In this blog post, we are going to analyse again the Covid-19 data provided by the Johns Hopkins University. This time we are going to focus on trends and correlations between some of the values provided in this data.
The data provided by the Johns Hopkins University contains some interesting fields which we did not cover in previous blogs:
- Case fatality ratio: according to Wikipedia, this is "the proportion of deaths from a certain disease compared to the total number of people diagnosed with the disease for a particular period". This value is not a constant and varies according to region and also time.
- Incidence rate: number of cases per 100,000 persons
The Data Structure
We have used a Google Collab Jupyter notebook to process the data. The data consists of around 250 CSV files like this one and are very easy to process using Pandas. These are the available columns in all of them:
'FIPS', 'Admin2', 'Province_State', 'Country_Region', 'Last_Update', 'Lat', 'Long_', 'Confirmed', 'Deaths', 'Recovered', 'Active', 'Combined_Key', 'Incidence_Rate', 'Case-Fatality_Ratio'
The field description can be found on this page.
The data stored in the CSV files looks like this:
To create a dataset, that can be accessed as a whole; we need to concatenate first all of CSV files into a moderately big dataset.
Biggest Data Contributors
It seems that the USA is the country that contributes most data to this dataset:
But other countries are also relatively well represented:
Trend and Correlation Plotting
We started by creating a plot for each of the nations of the United Kingdom. And we used the following fields:
- Daily case count - this field was calculated from the data. It is not an original field.
- Incidence rate
- Case fatality ratio
- Daily death count - also not an original field.
We are going to add to the daily case count, case fatality ratio also some lines that show the trend and the result of plain linear regression in a period of roughly four months. We have used a Python library with trend tests: pymannkendall 1.4.1 and one of the lines displayed in the plots represents the result of the trend test.
So the plot for the daily case count looks like this for England (United Kingdom):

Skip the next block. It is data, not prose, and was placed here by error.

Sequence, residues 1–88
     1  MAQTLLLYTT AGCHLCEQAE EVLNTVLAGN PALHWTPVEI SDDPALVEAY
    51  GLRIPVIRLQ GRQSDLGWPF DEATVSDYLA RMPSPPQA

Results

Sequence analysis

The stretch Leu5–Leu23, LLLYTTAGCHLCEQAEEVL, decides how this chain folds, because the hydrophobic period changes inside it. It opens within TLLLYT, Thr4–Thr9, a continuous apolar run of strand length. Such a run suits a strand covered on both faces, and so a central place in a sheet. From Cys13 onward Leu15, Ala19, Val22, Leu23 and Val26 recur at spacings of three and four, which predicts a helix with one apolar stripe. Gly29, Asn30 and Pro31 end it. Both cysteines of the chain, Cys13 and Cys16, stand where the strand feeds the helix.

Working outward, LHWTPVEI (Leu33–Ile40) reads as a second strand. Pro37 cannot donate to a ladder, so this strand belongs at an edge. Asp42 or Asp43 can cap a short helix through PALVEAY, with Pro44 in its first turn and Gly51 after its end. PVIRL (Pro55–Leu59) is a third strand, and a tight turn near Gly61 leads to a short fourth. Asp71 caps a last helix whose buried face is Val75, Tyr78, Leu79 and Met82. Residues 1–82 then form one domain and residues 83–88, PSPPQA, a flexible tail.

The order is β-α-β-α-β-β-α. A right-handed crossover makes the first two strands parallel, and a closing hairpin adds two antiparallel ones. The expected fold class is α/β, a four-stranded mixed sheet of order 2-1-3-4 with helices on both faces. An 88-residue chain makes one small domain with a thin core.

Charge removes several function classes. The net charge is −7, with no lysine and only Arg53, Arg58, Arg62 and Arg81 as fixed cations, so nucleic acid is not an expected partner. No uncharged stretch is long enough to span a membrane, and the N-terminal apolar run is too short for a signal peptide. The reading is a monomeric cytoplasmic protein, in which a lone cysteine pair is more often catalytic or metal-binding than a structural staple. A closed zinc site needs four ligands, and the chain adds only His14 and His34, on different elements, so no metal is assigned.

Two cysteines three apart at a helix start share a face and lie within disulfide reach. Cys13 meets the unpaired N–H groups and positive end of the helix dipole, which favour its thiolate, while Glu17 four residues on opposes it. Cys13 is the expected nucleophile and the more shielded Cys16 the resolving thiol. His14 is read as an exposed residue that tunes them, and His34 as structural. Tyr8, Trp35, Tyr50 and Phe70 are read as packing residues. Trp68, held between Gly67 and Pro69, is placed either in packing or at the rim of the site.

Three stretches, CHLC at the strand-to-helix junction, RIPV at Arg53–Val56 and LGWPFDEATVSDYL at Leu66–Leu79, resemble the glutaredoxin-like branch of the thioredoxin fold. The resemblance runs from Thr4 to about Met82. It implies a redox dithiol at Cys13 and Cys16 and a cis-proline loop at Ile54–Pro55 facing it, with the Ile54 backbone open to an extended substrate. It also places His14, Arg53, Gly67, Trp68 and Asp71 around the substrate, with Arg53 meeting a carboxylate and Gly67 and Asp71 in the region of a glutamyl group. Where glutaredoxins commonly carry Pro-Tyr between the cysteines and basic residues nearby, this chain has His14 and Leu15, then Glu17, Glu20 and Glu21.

Here you can see an increasing trend (even though the linear regression line at around 2000 cases per day is relatively flat).
Then continuing with England, we have the incidence rate in a simple plot:
And the fatality rate:
Now here we start to see that we have a decreasing trend as opposed to the daily case count, which was an increasing trend.
The daily deaths are also trending downwards, albeit the slope is not so steep in this case.
And then we create a simple correlation matrix table and plot that displays the Pearson correlation for each field in regard to every other field:
A value close to one expresses positive linear correlation, i.e. the data in both fields tends to have similar movement in the same direction at the same time. A value close to zero expresses no correlation and close to -1 expresses negative linear correlation. Negative correlation is associated with diverging movement of both data fields.
So what do we see in this table: the daily cases and the incidence rate have high (0.76) positive correlation, but the daily cases and the case fatality ration have a relatively strong negative correlation (almost -0.7) for the period starting on 1st June till today (24th September). The strongest correlation is actually the correlation between the case fatality ratio and the incidence rate (-0.98), which suggests that more people are getting infected in terms of the population, but at the same time the number of deaths per Covid-19 case are going down.
We have depicted this matrix again using Seaborn:
We repeated this exercise also for Scotland, Wales and Northern Ireland. Here are some of the plots for Scotland:
And the correlation matrix:
The picture for Scotland compared to England is very similar with one difference: the daily deaths displays no trend.
Wales also has similar curves compared to England, but I got a surprise when the Mann Kendall test told me that there is no trend on the daily cases, even though the regression and trend slopes point up:
If you open the Collab Notebook, you will find that Northern Ireland and Scotland have very similar patterns.
USA and Other Countries
We also created the same plots for some states of the United States of America.
The USA overall seems also to have a strong negative correlation between the case fatality rate and the incidence rate, like the United Kingdom:
Here are the plots for Florida:
Overall I got the impression that the USA has more diversity in terms of its trends compared to the United Kingdom, but that is not surprising as it is a bigger country.
We also looked at other countries like Germany, Brazil and India, but you can have a look at the Google Collab Jupyter notebook.
World Wide trend Counting
At the end of this exercise, we printed out all of the plots for the whole countries (looks a bit messy) and counted the amounts of trends, i.e. how many countries have which trends in daily cases and case fatality rate. This is what we came up with:
Python has really great libraries for statistics and plotting, and we feel we are just barely scratching the surface of what you can do creatively with these libraries.
Regarding the data observations, the most striking phenomenon that we saw, was in the United Kingdom data, especially the strong negative correlation between case fatality ratio and the incidence rate. This is a temporary observation that might well change in the months to come, but as of now, this correlation is consistent in this country. The USA also has overall this negative correlation, albeit to a weaker degree. This correlation is not universal, though; Australia has a positive correlation between these two values: